II.1.5 The Role of the International Monetary Fund The competence of IMF The BOP provisions of the GATT/WTO cannot apply without the exact determination what constitutes a serous decline in monetary reserves or an (imminent) threat thereof, or the determination of what constitutes very low or inadequate monetary reserves. As these issues fall within the competence of the International Monetary Fund (IMF), Article XV: 1 of the GATT 1994 provides the general cooperation obligation on both the IMF and the WTO in exchange and trade questions with the objective of pursuing a coordinated policy. According to Article XV: 2, the WTO shall accept all findings of statistical and other facts presented by the Fund relating to foreign exchange, monetary reserves and balances
30 31

Paragraph 1 of the Understanding Article XVIII: (11) of the GATT 1994 32 India-Quantitative Restrictions, Appelate Body Report, WT/DS90/AB/R, paragraph 124.

27

of payments, and shall accept the determination of the Fund as to whether action by a Member in exchange matters is in accordance with the Articles of Agreement of the International Monetary Fund The WTO, in reaching its final decision in cases involving the criteria set forth in paragraph 2(a) of Article XII or in paragraph 9 of Article XVIII, shall accept the determination of the Fund as to what constitutes a serious decline in a Members monetary reserves, a very low level of its monetary reserves or a reasonable rate of increase in its monetary reserves, and as to the financial aspects of other matters covered in consultation in such cases. Information provided by the IMF33 The IMF has regularly provided information to the BOP Committee on each consulting country's recent economic developments, focusing in particular on macroeconomic indicators that are linked to the country's current and prospective balance-of-payments situation. This has been used extensively in the BOP Committee's discussions on the parts of its consultation dealing with "balance-of-payments position and prospects" and "alternative measures to restore equilibrium", which in turn has been an important input to the Committee's consideration of the justification for the institution, maintenance, or intensification of trade restrictions for balance-of-payments purposes. The IMF is not asked to contribute directly to the BOP Committee's assessment of the justification for trade restrictions, nor is it asked to comment on the matters covered by the proviso and the Ad Note to GATT Article XVIII: 11. Between 1970 and 2009, the BOP Committee conducted around 230 consultations with Member countries. Most of those consultations have been held under the Committee's full consultation procedures, for which the IMF has contributed both a statement, which is reproduced in full in the Committee's reports, and its own consultation report on recent economic developments in the consulting country. General information provided by the IMF to the BOP Committee The IMF statement to the BOP Committee has regularly covered the following factors: recent developments in the real sector of the economy (e.g., investment, aggregate demand, output, growth and inflation); how developments in the real sector relate to the financial sector and to the macroeconomic situation, in particular the IMF's assessment of the internal macroeconomic imbalance that is causing the balance-of-payments problem focusing on fiscal, monetary, and exchange rate policies; the current and prospective balance-of-payments position, focusing on the trade and current accounts, and since the early-1980s on capital account developments too;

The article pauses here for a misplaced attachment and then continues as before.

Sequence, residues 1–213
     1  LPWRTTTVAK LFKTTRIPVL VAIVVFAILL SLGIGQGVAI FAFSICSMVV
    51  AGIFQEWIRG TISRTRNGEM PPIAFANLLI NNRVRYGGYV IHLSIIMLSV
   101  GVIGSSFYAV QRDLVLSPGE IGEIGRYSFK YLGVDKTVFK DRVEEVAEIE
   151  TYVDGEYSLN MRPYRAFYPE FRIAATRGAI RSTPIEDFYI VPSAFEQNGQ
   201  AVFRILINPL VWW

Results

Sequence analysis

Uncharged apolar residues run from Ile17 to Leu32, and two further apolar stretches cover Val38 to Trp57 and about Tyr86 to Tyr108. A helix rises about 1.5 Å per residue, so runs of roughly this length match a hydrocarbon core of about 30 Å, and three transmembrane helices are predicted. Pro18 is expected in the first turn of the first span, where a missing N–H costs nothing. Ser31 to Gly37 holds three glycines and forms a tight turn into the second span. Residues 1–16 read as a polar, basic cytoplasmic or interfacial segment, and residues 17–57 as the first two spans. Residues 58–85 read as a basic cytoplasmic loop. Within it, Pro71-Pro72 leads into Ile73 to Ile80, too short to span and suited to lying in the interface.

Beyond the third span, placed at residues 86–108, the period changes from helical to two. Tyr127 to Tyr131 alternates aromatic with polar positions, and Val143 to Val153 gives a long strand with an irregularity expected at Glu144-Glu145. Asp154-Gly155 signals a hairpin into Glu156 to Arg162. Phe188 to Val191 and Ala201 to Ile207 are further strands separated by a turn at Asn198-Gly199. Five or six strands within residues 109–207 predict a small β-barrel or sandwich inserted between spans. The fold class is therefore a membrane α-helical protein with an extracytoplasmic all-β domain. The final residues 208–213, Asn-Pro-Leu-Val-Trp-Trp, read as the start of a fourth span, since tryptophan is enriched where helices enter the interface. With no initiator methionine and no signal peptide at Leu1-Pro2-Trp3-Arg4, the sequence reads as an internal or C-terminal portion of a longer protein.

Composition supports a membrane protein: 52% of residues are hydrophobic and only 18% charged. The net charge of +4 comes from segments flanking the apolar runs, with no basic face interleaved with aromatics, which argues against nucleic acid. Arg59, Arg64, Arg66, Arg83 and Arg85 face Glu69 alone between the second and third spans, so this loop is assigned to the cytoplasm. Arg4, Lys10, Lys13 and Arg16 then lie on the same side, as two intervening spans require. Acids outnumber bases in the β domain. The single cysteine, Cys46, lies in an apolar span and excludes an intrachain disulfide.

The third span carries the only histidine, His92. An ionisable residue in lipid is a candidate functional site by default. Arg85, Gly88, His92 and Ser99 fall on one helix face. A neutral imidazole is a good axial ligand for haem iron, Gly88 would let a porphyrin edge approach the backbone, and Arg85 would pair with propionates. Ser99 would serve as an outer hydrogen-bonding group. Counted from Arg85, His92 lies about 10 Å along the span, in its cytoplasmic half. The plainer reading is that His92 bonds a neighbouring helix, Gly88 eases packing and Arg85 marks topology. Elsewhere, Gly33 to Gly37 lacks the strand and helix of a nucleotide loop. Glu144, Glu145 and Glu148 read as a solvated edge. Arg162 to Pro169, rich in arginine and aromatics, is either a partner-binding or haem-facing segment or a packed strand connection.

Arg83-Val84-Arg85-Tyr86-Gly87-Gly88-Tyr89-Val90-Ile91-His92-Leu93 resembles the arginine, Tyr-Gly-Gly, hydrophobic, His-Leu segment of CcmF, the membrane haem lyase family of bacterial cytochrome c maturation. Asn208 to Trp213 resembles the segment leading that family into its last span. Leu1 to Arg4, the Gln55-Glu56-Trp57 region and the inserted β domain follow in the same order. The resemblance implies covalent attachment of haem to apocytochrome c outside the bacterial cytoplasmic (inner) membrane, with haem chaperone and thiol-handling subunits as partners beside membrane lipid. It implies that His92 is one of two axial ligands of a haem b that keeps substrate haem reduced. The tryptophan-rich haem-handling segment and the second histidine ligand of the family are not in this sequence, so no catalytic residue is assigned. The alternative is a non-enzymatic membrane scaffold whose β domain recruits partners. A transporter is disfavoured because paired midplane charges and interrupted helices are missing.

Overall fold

a description of the trade and exchange restrictions in place, and of any steps being taken to intensify or liberalize them;

33

For a detailed description of the IMF role in BOP consultations see : WT/BOP/21

28

information on the consulting country's relations with the IMF, in particular whether an IMF programme is in place or under negotiation.